at Object.invoke (angular.js:4203)
    at angular.js:4021
    at getService (angular.js:4162)

And the minified version:

Error: [$injector:unpr]$injector/unpr?p0=%24resourceaProvider%20%3C-%20%24resourcea%20%3C-%20Products%20%3C-%20tpGridDirective
    at Error (native)
    at http://localhost:8000/lib/angular.js:6:417
    at http://localhost:8000/lib/angular.js:38:7
    at Object.d [as get] (http://localhost:8000/lib/angular.js:36:13)
    at http://localhost:8000/lib/angular.js:38:81
    at d (http://localhost:8000/lib/angular.js:36:13)
    at Object.e [as invoke] (http://localhost:8000/lib/angular.js:36:283)
    at Object.$get (http://localhost:8000/lib/angular.js:34:268)
    at Object.e [as invoke] (http://localhost:8000/lib/angular.js:36:315)
    at http://localhost:8000/lib/angular.js:38:110

Sometimes the error message can be pretty long:

Uncaught Error: [$injector:modulerr] Failed to instantiate module xxx due to:
Error: [$injector:nomod] Module 'xxx' is not available! You either misspelled the module name or forgot to load it. If registering a module ensure that you specify the dependencies as the second argument.

Notice, how the minified version does not have a verbose explanation - this string is left out during minification. A seasoned Angular developer usually doesn't need it anyway because all the necessary information is there.

The structure is as follows:

Uncaught Error: [$module:errshortname] <ErrorDescription> <URLtoDocs> <StackTrace>


$module - name of the core module that encountered the error(most of the time it's the $injector, which manages dependency injection).

errshortname - id of the error. Usually an acronym of the error message.

<ErrorDescription> - A human-readable error message. Sometimes contains a hint as to what could be wrong. Not present in production.

If possible to obtain, contains a path of dependencies that lead to the problem, e.g:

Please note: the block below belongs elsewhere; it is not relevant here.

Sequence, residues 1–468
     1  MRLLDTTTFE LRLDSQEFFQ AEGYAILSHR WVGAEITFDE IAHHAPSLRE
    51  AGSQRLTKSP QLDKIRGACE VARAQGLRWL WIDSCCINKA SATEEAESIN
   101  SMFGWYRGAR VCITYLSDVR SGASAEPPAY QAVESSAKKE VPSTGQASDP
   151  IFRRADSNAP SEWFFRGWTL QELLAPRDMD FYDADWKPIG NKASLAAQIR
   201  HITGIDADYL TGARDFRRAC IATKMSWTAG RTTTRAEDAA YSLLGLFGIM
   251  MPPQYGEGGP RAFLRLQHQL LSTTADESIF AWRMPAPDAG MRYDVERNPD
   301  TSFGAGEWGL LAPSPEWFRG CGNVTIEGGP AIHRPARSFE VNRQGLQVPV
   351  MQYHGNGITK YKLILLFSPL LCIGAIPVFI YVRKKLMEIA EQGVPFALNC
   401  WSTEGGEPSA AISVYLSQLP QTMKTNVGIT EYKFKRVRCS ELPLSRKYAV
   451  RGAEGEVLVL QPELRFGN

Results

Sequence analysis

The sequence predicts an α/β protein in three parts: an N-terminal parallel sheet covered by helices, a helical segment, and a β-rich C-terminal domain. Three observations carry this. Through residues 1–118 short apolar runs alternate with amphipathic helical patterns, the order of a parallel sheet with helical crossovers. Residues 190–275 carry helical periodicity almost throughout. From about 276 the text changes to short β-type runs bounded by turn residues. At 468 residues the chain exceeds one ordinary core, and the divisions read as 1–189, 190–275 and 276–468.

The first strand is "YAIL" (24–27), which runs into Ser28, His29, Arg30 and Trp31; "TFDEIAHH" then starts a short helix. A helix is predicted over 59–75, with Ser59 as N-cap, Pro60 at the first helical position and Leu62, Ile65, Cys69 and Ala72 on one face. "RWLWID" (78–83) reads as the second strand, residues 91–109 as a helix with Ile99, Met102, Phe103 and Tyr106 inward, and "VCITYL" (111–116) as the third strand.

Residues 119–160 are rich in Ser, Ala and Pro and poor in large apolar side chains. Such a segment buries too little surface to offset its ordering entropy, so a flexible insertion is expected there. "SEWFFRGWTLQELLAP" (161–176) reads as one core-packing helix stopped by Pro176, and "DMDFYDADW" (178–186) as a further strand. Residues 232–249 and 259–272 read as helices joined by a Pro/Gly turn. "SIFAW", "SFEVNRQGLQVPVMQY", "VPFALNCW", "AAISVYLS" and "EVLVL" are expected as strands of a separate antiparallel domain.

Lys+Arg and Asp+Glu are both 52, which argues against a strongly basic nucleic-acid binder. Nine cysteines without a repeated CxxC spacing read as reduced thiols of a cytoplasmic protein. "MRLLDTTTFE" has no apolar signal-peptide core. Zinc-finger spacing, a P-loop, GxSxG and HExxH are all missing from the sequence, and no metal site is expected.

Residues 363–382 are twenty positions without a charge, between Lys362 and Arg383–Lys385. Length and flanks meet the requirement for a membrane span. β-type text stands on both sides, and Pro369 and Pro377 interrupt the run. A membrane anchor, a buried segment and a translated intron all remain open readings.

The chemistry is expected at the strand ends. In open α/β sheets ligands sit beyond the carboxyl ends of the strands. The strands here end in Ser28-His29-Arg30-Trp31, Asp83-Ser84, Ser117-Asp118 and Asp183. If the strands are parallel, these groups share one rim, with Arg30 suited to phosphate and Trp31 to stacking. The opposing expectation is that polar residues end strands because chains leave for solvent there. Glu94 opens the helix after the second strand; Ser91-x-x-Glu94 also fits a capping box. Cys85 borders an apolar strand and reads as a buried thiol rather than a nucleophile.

$resourceaProvider <- $resourcea <- Products <- tpGridDirective

In this example 'tpGridDirective' directive tried to use the 'Products' service which was dependent on a '$resourcea' service, which in turn was not found by the $injector(no $resourceaProvider provider present).

<URLtoDocs> - URL to docs. Usually pretty general, but if there's a core module in the path it may lead to a more specific explanation.

<StackTrace> - Stack trace. Present in production, but not really informative there. In general it's useful only for Angular core developers.

Last edited 9 years ago by Tade0 (previous) (diff)

comment:14 Changed 9 years ago by Piotrek Koszuliński

While thinking about the next steps we realised one thing – changing verbosity from "throw" to "log" doesn't make sense as it will change the behaviour significantly. Even backing to some early returns won't help as throwing affects also the outer function calls.

We can define 3 types of problems:

  1. Problems which should immediately kill the application. Such as incorrect CKEDITOR.replace() argument or inability to load some core class or plugin. Those need to throw errors regardless of any setting as they basically mean that the whole application is useless. Of course, these errors should be catchable, but that's outside of CKEditor 4's scope. Note also that we can throw a subclass of the Error type to implement features as Angular has (see comment:13).
  2. The second kind of problems are those which will definitely affect the working of application, but which do not break it. For instance – undefined MathJax path, undefined file upload path, etc. Those issues should log errors, but they should not throw errors. For those we will introduce CKEDITOR.error() which should use console.error().
  3. And the last kind of problems are those which may affect the working of application or which means that something went a bit wrong. Those need CKEDITOR.warn() which should use console.warn().

So we need to alter our initial plan – CKEDITOR.error() should never throw any errors.

Finally, we need a different verbosity setting. In this case the most useful solution will be a binary flag with two values defined:

  • CKEDITOR.VERBOSITY_WARN (log all warnings)
  • CKEDITOR.VERBOSITY_ERROR (log all errors)

the default value will be: CKEDITOR.VERBOSITY_WARN + CKEDITOR.VERBOSITY_ERROR. The logging mechanism can be muted by setting verbosity to 0.

comment:15 Changed 9 years ago by Szymon Kupś

Status: reviewassigned

comment:16 Changed 9 years ago by Piotr Jasiun


comment:17 Changed 9 years ago by Piotrek Koszuliński

Milestone: CKEditor 4.5.3CKEditor 4.5.4

We need to speed up 4.5.3 so we won't be able to include this feature in it.

comment:18 Changed 9 years ago by Szymon Kupś

Status: assignedreview

Pushed branch:t/13632 with the new implementation.

comment:19 Changed 9 years ago by Szymon Kupś

While this ticket is waiting for review I've pushed branch:t/13632-use with usage of CKEDITOR.warn and CKEDITOR.error methods in situations I've found suitable.
I've also created a draft of the error codes reference in guides:
It's format and location in guides needs some discussion.

comment:20 Changed 8 years ago by Piotrek Koszuliński

Resolution: fixed
Status: reviewclosed

Merged the t/13632 branch to master with git:2e699f0.

I extracted comment:19 to #13730.